Even Tagore’s use of art and music mirrors many other experiments from Steiner through to Montessori. Jain’s paper explores all the facets of Tagore’s wonderful effort to build a new way of thinking about the world and about learning, but it fails to address the fundamental issues of institutional culture and institutional change. Given the large number of people are seeking to learn and the incredible investment of time and money into institutions ostensibly devoted to learning, strategies of institutional transformation seem to me to hold the key to future change in education as a whole.

The Importance of Colleges

I began my career as a teacher in a two year college in Montreal. Vanier College was the second English language institution created as part of the CEGEP system in Quebec after Dawson College. (CEGEP means, College of General & Vocational Education or Collège d'enseignement général et professionnel) I consider those early years to have been among the best, at least at the level of learning both for myself and for my students. Recent tragic events at Dawson College have reminded me of the richness of my experiences and the need to understand the importance of the colleges to the educational system in Canada.

Colleges (particularly two-year institutions) are generally looked down upon by universities for reasons that have little to do with their importance, indeed the centrality of colleges to a variety of communities. Here in British Columbia, colleges are crucial to so many communities that I often wonder (perhaps I am being naïve) why they are not celebrated not only for their histories, but for their achievements. College teachers have larger workloads and are not expected to do research, although it is impossible to teach without staying current within your field. Most post-secondary educational systems are characterized by tremendous diversity, in large measure because colleges respond in a more direct way to the needs of their constituents. It is a difficult balancing act — be responsive and yet provide contexts for learning that enhance and enrich not only the lives of learners, but allow them to develop the skills to go to university or into a profession.

I mention all of this because of a wonderful column by T. F. RIGELHOF entitled How we'll heal in the Saturday, September 16, 2006 edition of the Globe and Mail newspaper about the Dawson shootings. Unfortunately, the article is not available on the web. In the piece, Rigelhof celebrates the love that he has for the college and for its students. And for me, this is about the wonder that he feels at the engagement that is required to teach and learn.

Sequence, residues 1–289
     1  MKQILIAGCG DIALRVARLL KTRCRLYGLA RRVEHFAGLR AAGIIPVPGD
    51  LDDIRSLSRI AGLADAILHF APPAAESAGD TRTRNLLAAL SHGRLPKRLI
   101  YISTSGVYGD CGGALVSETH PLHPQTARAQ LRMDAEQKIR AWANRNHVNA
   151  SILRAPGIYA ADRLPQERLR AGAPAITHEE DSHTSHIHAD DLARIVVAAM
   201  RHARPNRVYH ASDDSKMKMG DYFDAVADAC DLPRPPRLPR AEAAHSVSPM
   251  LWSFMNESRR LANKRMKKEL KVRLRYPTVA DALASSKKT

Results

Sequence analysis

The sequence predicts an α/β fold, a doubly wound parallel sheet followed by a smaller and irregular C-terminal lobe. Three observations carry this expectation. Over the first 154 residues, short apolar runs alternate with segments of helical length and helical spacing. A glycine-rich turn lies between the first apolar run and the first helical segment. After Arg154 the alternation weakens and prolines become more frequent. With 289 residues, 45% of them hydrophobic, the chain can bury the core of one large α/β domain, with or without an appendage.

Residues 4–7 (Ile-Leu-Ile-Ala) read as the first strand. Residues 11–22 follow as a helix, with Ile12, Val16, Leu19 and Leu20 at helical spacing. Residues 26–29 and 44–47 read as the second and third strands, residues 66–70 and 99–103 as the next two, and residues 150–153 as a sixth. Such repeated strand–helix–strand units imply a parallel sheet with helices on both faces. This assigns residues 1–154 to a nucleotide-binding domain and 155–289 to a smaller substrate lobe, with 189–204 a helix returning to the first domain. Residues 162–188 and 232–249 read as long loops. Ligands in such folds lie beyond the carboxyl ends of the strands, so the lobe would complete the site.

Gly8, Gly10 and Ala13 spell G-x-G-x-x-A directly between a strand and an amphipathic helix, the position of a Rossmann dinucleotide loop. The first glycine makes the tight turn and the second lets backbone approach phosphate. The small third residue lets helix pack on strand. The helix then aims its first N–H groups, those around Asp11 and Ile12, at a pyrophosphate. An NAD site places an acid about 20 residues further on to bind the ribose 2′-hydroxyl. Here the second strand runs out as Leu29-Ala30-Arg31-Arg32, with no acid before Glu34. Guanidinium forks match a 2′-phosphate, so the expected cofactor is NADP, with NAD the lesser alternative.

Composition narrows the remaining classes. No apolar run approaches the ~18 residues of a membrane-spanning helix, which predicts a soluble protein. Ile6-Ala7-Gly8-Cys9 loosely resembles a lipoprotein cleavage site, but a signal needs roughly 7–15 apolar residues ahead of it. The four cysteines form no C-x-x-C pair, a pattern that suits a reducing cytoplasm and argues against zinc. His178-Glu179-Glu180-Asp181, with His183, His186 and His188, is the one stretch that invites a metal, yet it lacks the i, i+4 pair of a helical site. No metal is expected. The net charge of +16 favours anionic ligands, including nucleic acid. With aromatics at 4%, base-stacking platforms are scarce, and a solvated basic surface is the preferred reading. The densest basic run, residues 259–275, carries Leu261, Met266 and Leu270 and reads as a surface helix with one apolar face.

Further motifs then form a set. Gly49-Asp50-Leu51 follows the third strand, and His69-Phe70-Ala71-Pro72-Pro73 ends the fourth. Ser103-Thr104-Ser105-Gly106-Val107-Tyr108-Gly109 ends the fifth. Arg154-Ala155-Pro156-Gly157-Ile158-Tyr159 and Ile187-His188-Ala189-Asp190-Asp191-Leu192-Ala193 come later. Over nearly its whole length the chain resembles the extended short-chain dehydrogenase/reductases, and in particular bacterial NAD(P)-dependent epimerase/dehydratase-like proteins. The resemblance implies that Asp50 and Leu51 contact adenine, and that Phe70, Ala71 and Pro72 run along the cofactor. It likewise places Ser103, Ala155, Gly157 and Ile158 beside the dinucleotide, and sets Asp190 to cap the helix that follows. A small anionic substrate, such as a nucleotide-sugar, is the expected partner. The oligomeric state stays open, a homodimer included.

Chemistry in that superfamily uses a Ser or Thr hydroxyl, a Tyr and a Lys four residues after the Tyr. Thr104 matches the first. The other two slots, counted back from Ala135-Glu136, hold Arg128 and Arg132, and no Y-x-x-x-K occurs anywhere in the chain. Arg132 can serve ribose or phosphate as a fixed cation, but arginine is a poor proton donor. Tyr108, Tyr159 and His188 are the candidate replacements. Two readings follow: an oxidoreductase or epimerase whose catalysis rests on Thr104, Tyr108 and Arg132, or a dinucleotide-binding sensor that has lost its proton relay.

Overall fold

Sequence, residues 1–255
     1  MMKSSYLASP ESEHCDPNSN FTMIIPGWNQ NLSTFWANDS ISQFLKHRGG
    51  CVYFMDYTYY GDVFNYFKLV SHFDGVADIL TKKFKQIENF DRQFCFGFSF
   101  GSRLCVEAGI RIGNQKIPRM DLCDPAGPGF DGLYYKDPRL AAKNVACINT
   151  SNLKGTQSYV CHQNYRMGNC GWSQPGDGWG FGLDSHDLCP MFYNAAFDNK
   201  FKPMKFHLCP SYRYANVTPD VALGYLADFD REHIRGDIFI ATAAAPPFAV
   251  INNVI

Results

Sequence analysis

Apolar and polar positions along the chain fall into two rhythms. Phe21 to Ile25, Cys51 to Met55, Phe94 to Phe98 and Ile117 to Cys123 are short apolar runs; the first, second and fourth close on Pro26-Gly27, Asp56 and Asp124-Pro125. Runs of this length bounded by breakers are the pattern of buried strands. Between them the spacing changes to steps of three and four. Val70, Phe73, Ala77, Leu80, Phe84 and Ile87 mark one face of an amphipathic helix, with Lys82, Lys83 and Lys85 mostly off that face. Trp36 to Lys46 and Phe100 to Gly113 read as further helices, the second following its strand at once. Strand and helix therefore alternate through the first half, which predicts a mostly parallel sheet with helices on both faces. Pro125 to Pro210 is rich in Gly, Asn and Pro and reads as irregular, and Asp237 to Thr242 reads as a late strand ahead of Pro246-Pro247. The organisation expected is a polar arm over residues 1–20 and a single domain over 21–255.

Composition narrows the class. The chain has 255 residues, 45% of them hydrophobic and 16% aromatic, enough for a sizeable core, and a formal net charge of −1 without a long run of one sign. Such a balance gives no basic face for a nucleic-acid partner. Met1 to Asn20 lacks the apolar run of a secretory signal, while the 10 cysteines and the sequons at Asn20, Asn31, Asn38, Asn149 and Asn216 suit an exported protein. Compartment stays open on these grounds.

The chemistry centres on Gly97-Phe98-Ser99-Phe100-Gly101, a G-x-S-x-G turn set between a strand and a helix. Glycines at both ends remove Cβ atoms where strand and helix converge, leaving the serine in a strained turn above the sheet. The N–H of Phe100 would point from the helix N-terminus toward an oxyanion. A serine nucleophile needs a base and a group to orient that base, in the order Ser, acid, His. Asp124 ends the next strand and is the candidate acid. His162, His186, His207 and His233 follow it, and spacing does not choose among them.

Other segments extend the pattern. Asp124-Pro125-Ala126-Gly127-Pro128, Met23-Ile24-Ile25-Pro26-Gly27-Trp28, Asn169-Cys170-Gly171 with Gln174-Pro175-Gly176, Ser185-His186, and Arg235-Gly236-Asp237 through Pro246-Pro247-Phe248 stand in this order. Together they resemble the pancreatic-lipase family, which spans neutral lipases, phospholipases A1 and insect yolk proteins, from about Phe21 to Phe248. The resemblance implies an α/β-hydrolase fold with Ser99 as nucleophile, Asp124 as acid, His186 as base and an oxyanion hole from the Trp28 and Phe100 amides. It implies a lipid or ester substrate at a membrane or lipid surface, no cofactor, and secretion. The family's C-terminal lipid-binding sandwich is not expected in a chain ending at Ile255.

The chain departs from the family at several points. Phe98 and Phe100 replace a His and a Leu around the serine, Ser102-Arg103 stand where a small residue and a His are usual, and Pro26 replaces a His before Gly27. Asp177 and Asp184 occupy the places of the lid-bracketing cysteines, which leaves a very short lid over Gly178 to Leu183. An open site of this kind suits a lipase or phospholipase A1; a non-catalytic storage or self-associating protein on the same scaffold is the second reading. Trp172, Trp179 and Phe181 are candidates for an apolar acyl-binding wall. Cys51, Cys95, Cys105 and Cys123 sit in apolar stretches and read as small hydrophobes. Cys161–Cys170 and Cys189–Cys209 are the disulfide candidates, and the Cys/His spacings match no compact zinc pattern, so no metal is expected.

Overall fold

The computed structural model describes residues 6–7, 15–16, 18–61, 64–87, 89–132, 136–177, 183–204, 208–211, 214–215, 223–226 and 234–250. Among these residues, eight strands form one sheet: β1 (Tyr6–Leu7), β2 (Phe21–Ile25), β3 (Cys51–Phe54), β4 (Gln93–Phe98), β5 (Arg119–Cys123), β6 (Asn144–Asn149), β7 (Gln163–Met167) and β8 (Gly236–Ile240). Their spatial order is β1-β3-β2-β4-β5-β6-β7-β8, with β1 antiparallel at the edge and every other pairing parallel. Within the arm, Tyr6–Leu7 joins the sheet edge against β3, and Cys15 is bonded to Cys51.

In an earlier piece of mine, I wrote the following: "Ignorance is about resistance. It is about the desire to think and act in certain ways, most of which are rooted in a conscious refusal to engage with processes of inner reflection. The problem is that some pedagogical strategies try to anticipate what students need to know, as if teachers have already solved their own contradictory relationship with learning. The result is that teachers create (if not imagine) an ideal student and then make judgements about the students who are unable to attain the standards set by their instructional methods. If there is to be some equality of exchange here, then the teacher has to be learning nearly all of the time. This can then set the stage for some linkage and visibility between the foundational assumptions of the instructor and her own past, as well as her own history of learning. This may then return the teacher to a closer understanding of what it means to be a student."

I still stand by what I said and Rigelhof exemplifies why a strong emphasis on students changes not only their lives, but the lives of those who teach.


Hurricane Katrina

The Sunday New York Times Magazine of August 27th has a poignant and profoundly disturbing article and photo essay on the aftermath of Hurricane Katrina with particular emphasis on what happened to the children of the families that were displaced by the storm. The images are very powerful and the reality of what happened, the incompetence of the recovery effort and the lack of attention to the families struggling to remake their lives is disturbing and shocking.

The images made me angry, but also made me feel quite hopeless. Journalists have still not learned that shocking images achieve their effect, but little else. The personal stories of the children were heartbreaking and I felt the need to do something, but other then sending money to the relief effort or writing this short comment, my options remain limited.

This is indeed the challenge of the next few years. How can the information we receive be translated from our personal experiences into action? I have no pat answers to this question. A disturbing pattern has emerged over the last decade or so. More information has not led to more knowledge. Instead, it has led to increasing and sometimes deadly tribal activity. These tribes range from small groups to larger ones, but their common characteristic is a lack of direct response to crucial issues. Their worlds are centered on their own and sometimes parochial concerns. Globalization, it seems, is actually returning us to a more medieval practice of village life, the only difference being that today's villages are not constrained by national boundaries.

If each village were to become the center of new and imaginative activities directed toward social change and equity, then there would indeed be opportunities to support people in need wth a more determined effect and impact than is presently possible. I will discuss this issue in greater depth over the next few weeks in an expansion of earlier posts on communities within the context of what has now become an image-world — old definitions will have to change.

This short piece is dedicated to Michael Merovitz, a very old friend who died recently — a gentle, sweet and wonderful man whose premature death is a deep loss.